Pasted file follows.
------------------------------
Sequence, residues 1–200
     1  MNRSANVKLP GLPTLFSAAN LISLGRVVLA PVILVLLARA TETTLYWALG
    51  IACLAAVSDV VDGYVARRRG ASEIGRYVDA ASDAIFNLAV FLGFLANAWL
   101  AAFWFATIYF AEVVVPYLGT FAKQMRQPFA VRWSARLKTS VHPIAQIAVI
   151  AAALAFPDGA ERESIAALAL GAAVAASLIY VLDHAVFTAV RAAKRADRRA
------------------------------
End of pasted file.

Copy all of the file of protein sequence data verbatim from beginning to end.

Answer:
Sequence, residues 1–200
     1  MNRSANVKLP GLPTLFSAAN LISLGRVVLA PVILVLLARA TETTLYWALG
    51  IACLAAVSDV VDGYVARRRG ASEIGRYVDA ASDAIFNLAV FLGFLANAWL
   101  AAFWFATIYF AEVVVPYLGT FAKQMRQPFA VRWSARLKTS VHPIAQIAVI
   151  AAALAFPDGA ERESIAALAL GAAVAASLIY VLDHAVFTAV RAAKRADRRA